The HSE has launched a new campaign to teach children how to cough and sneeze hygienically.
The primary and secondary school initiative involves the rollout of posters in resource packs to display guidelines on respiratory etiquette and hand hygiene.
The HSE’s Health Protection Surveillance Centre (HPSC) is leading the project to help improve respiratory hygiene in schools and crèches.
Teaching children to sneeze and cough into their arm or elbow is critical to improving respiratory hygiene and in reducing the spread of infection. Having access to tissues is also important so we can teach children to ‘catch it, bin it, kill it.’
Bacteria and viruses from hundreds of homes meet at crèches, schools and day-care centres every day. It is a fact that the ten best things to spread bugs amongst children are the ten fingers on their hands.
According to the HPSC, young children are at increased risk for contracting infectious diseases because they:
- tend to sneeze and cough into their hands
- are grouped together and are exposed to many new germs
- have immune systems that are not fully developed to fight germs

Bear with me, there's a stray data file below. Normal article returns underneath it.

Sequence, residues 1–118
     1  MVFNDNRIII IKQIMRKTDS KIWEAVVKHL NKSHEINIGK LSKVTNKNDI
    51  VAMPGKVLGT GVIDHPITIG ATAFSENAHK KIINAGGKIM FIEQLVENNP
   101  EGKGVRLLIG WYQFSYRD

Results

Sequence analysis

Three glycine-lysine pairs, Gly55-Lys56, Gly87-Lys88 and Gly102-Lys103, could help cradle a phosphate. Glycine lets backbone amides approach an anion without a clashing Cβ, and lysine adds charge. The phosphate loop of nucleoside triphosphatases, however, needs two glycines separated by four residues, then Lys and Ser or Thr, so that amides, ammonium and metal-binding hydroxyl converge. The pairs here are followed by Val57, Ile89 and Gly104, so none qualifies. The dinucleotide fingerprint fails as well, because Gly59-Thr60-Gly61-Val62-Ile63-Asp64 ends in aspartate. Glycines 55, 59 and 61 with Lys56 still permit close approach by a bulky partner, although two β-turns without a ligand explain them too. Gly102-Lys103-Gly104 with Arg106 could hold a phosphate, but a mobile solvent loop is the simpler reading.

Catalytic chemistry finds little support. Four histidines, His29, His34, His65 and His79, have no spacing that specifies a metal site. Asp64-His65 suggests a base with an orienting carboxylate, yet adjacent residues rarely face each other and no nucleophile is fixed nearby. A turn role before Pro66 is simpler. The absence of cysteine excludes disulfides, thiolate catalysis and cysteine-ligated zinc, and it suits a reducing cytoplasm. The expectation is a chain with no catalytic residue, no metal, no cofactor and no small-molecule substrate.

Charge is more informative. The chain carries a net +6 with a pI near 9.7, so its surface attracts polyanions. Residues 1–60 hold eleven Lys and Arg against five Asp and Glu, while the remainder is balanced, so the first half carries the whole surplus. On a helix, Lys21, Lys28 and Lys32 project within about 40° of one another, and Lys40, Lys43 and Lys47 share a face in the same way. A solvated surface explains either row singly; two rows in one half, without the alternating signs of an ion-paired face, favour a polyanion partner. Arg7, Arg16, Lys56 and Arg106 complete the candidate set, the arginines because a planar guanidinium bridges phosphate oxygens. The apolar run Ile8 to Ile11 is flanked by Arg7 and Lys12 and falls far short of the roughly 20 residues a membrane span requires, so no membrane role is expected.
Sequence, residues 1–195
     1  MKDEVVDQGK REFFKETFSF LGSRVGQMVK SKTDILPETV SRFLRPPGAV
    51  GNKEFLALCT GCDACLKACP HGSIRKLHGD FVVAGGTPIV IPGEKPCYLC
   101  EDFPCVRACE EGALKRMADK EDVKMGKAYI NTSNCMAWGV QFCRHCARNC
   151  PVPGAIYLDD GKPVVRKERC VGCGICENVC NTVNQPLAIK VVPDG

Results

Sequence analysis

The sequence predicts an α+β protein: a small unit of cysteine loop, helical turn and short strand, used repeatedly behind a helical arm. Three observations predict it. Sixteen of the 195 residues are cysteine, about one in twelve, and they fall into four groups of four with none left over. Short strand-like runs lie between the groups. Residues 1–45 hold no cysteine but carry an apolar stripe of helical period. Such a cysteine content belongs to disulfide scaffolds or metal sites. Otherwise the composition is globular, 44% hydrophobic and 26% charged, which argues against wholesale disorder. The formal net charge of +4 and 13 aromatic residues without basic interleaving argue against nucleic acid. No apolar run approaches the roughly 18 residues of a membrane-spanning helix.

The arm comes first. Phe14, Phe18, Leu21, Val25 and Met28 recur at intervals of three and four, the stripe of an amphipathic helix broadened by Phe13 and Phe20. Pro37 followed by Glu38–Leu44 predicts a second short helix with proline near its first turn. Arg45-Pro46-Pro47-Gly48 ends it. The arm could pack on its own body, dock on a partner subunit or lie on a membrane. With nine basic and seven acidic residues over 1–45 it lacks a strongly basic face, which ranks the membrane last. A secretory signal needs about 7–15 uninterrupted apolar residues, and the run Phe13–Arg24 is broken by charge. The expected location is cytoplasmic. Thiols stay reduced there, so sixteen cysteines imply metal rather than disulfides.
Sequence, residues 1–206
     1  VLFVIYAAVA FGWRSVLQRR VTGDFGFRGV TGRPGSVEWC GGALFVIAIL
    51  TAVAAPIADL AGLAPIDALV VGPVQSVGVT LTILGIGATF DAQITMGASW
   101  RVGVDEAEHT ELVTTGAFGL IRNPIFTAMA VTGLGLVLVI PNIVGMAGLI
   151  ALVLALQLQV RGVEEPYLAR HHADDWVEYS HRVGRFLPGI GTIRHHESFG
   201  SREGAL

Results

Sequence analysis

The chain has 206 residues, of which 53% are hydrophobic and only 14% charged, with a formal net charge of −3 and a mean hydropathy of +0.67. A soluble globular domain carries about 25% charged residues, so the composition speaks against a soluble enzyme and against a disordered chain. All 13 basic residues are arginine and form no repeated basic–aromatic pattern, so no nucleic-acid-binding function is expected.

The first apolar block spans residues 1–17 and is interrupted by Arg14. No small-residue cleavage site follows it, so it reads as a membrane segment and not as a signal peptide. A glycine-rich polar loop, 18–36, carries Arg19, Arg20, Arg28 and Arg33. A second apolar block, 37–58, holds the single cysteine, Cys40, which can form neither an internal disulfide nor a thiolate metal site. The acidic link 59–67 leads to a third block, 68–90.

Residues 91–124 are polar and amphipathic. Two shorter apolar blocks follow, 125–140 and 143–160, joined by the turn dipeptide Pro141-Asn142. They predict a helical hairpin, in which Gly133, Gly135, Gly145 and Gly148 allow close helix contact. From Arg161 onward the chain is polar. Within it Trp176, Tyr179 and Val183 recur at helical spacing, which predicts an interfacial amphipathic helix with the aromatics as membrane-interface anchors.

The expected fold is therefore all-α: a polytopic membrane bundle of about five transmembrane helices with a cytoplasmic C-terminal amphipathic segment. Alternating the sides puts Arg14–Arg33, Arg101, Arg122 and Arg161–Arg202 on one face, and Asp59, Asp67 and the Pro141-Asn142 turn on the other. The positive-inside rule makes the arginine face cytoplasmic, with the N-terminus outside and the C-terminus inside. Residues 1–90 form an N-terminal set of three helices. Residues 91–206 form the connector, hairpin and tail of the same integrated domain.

- have personal habits that spread germs such as thumb sucking, rubbing eyes and putting things in their mouths.
The posters have versions for primary schools and secondary schools and both are also available in Irish and English. They are aimed at assisting teachers and crèches to teach some of the key respiratory hygiene messages.
Useful online resource are available for teachers and parents on www.e-bug.eu/. e-Bug is a free educational resource for classroom and home use. It enables fun and accessible learning for all students around micro-organisms, the spread, prevention and treatment of infection.
Dr John Cuddihy, Interim Director, HSE HPSC says, “It is so important that we do everything to protect children’s health. Teaching respiratory etiquette and hand hygiene will help stop infections in schools and home. Good respiratory and hand hygiene can help parents reduce the risk of having to stay home from work due to their child’s or their own illness. However if you are sick it is important to stay home from work or school. The HSE website Undertheweather.ie has lots of help and advice on managing simple illnesses at home.”
Martin Cormican, HSE National Lead for Infection Control adds, “As well as teaching children to cough and sneeze into the elbow or a tissue it’s important they know how to wash their hands. The Wash Wash your hands song is just long enough to provide sufficient time to get the job done. So, instead of setting a time-frame that your child won’t understand, get them to sing their song and explain that when the song is finished they have washed their hands properly.”
There are lots of hand hygiene tips and videos on www.hse.ie/infectioncontrol.